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March 18, 2014


Four very unusual Dalmore

The official Dalmores, even the old ones, are often multiple-matured while the independent bottlers usually have some ‘natural’ ones that were integrally matured in one cask, often refill. And then there are odd ones, double maturations by the indies or… peated Dalmore!

Dalmore (49.1%, Asta Morris, cask #AM005, 2013)

Dalmore (49.1%, Asta Morris, cask #AM005, 2013) Three stars No age and no vintage, which is unusual at the independents. This one comes with a nice ‘Roy Lichtenstein’ label. Will it be WHAAM! indeed? Colour: gold. Nose: starts a little hot and buttery, fudgy, rather without the usual orange and chocolate notes. Interesting notes of arak, raisins and then more and more butterscotch as well as custard and apple pie. I also find quite some marzipan, cedar wood and, indeed, more and more chocolate after a few minutes. Brownies, roasted malt, a little earl grey tea, brioche, vanilla… It’s rounded and clean at the same time. Mouth: starts big, with gingerbread and speculoos that suggest some fairly active wood was involved. Even a little capsicum, then more roasted malt and toasted oak. Also burnt brioche, touches of thyme and a growing cardamom. Finish: quite long, a little drying, with some oak and bitter chocolate. Comments: very, very fine but the oak’s a little too loud for my taste, and distillery character a little too discreet. This baby had something of its neighbours the ‘special’ Glenmorangies. SGP:451 - 80 points.

Dalmore 12 yo 2000/2013 (46.1%, Single Cask Nation, finished in PX hogshead, cask #6951, 238 bottles)

Dalmore 12 yo 2000/2013 (46.1%, Single Cask Nation, finished in PX hogshead, cask #6951, 238 bottles) Three stars and a half Another one by this small American bottler that thrilled us with a fantastic very young Laphroaig last year. Colour: gold. Nose: it’s a little fresher than the Asta Morris, fruitier as well, with less straight oak and more raisiny notes, probably from the PX. Having said that, it’s not very different on the nose. Also orange blossom honey, Turkish delights and, maybe, one orange. Mouth: it’s firm and sweet at the same time, the PX is very obvious and yet there isn’t any straight winey notes, rather juicy big dried muscats and some orange liqueur. There are some similarities too, especially this gingery side and the notes of white pepper and capsicum. Finish: rather long, a tad oaky again, with some orange-filled dark chocolate and a rather peppery aftertaste. Comments: another unusual one that displays both a sweet jammy side and a peppery and oaky backbone. I enjoyed it quite a lot, even if it’s not my preferred style. SGP:551 - 84 points.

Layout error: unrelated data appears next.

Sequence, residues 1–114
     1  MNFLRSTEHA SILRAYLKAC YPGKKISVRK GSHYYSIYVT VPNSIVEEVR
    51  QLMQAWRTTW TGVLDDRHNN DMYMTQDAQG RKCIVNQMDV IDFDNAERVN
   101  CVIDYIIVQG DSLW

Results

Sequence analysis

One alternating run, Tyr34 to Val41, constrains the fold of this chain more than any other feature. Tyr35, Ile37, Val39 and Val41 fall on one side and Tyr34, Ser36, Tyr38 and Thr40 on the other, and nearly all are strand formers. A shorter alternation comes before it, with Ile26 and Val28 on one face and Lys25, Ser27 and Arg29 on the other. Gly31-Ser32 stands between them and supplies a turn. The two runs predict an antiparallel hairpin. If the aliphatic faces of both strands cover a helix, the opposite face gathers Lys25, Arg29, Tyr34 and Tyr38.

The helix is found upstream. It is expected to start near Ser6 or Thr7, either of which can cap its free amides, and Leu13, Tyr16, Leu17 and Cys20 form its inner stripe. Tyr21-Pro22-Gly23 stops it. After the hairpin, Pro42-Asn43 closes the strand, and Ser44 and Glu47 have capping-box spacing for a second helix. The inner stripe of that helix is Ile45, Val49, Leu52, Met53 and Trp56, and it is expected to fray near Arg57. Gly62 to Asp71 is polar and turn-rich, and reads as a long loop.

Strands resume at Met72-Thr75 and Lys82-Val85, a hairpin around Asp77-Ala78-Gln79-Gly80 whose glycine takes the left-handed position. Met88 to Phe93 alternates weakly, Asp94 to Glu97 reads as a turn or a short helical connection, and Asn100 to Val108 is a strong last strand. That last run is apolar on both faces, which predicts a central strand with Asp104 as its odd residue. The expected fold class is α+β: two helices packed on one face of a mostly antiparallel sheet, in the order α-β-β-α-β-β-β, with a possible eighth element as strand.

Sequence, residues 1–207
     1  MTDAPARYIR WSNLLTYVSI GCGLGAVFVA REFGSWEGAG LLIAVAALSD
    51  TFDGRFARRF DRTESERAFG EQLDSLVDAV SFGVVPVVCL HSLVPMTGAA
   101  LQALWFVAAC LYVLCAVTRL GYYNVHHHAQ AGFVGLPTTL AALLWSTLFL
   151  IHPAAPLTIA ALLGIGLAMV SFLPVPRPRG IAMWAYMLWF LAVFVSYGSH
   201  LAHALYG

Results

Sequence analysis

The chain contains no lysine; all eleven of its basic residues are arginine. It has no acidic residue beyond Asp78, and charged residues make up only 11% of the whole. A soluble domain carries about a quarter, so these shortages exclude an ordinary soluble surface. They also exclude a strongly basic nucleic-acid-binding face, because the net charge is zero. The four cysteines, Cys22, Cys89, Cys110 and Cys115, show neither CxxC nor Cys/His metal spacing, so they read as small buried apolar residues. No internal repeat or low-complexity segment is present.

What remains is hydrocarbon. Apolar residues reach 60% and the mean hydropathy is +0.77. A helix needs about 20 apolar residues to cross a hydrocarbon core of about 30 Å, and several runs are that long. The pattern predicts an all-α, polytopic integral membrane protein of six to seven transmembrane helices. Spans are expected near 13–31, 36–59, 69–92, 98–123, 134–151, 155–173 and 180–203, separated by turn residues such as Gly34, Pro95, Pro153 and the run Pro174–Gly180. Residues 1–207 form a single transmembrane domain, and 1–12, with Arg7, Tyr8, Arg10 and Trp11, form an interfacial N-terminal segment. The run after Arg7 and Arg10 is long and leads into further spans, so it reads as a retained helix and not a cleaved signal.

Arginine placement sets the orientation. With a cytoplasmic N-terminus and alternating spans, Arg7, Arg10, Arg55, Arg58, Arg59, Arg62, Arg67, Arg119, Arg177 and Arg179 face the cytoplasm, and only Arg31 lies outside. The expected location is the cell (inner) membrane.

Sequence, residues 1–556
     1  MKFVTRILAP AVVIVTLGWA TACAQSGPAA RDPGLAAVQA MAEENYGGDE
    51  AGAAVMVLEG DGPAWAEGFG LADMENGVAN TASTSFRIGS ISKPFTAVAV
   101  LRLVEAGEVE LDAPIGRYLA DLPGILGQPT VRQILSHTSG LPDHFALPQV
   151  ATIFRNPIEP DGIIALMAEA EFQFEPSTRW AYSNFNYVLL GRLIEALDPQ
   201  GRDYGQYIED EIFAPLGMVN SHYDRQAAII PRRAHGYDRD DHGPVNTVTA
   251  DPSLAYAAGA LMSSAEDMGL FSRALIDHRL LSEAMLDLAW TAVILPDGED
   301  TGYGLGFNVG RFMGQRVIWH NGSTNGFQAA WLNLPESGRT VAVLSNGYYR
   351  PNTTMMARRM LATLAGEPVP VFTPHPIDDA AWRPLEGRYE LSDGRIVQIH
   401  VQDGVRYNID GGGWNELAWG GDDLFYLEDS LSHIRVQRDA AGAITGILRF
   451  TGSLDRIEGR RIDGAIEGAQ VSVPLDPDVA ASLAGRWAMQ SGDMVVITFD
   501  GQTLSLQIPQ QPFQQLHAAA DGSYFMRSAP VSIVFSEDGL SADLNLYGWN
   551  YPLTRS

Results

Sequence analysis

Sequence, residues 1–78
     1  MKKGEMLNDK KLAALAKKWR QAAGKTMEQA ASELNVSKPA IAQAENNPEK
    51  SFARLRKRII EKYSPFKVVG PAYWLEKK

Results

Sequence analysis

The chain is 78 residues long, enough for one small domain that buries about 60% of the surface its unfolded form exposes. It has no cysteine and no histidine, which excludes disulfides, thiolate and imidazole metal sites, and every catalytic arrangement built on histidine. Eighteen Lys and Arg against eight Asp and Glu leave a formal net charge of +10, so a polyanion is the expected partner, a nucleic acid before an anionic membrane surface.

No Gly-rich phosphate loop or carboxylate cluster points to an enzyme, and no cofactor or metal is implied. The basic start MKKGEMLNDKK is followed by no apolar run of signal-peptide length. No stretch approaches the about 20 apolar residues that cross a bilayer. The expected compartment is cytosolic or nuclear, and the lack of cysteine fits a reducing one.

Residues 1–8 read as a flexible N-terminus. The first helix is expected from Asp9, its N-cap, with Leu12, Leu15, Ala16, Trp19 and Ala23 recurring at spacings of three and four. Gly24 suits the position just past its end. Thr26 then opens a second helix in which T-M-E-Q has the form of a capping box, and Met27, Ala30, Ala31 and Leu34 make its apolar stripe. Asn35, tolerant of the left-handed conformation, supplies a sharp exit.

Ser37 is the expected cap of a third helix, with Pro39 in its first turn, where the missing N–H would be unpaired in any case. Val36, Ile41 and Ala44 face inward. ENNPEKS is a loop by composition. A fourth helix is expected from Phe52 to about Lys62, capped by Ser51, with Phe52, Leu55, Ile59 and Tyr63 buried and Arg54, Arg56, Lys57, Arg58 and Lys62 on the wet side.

Dalmore 1996/2010 (56.7%, Chieftain's, pinot noir finish, cask #91671, 335 bottles)

Dalmore 1996/2010 (56.7%, Chieftain's, pinot noir finish, cask #91671, 335 bottles) Four stars and a half This one was bottled for Germany and the pinot noir cask came from Franconia. I’ve already tried some superb Franconian whites, but a pinot noir, never. Colour: deep gold, which is reassuring (no pinkish tones). Nose: appealing! No excessive blackcurrant, no capsicum or ginger, no untameable raspberries, rather peaches, watermelons, plums and oranges. So far, so gut. I mean good. With water: even more fresh yellow fruit, butter pears, melons, apricots… All that hints at a sweet white wine (Trockenbeerenauslese style) rather than at pinot noir, but I’m sure it’s me. Mouth (neat): there are some red berries this time, and a lot of cherries, but the feeling of blood oranges is enticing. I think it was a very ‘light’ finishing, probably all for the better. With water: excellent, creamy, fruity, fresh and… very Dalmore! Finish: of medium length, always clean, fresh and fruity. Peaches are even more obvious. Comments: ja! A finishing very well done. SGP:641 - 88 points.

And now something rare…

Peaty Dalmore 2000 (+/-59%, OB, cask sample, +/-2013)

Peaty Dalmore 2000 (+/-59%, OB, cask sample, +/-2013) Four starsMany ‘unpeated’ distilleries also do peated from time to time, and Dalmore’s no exception. These batches have been used in the famous Shackeltons. I think it’s the first time I’m trying a peated Dalmore, so I’m very curious. Colour: white wine. Nose: hold on, this is perfect! I don’t know whether the northern east coast of Scotland is the best non-Islay place for peaty whisky or not (think Brora) but this spirit is ultra-pure, unadorned and, well, extremely peaty. It’s one the whiskies I could nose that are the closest to burning peat. So yeah, peat smoke… And maybe a little coal smoke as well. Very narrow, which is great in this context. With water: the barley comes out. Pure kilned malted barley. Mouth (neat): once again, a lovely malt, very narrow again. There are only two flavours, in fact, smoky ashes and lime. Works greatly unless you’re looking for something complex.

With water: oops, something went wrong, some soap appears. Saponification often happens when you ad water but it’s usually not this noticeable. Let’s wait… zzz… zzz… zzz. After fifteen minutes: not quite, some oils remain and keep making it a little soapy (yes I’m using my usual Vittel water). Finish: long, very barleyish. Crunching some peated barley right after kilning. Comments: did the stills’ famous flat tops do that? The soapy tones were anecdotal. The owners should bottle some! SGP:347 – 87 points. (picture, the old truck that’s in front of the Distillery’s entrance)

More tasting notes Check the index of all Dalmore I've tasted so far







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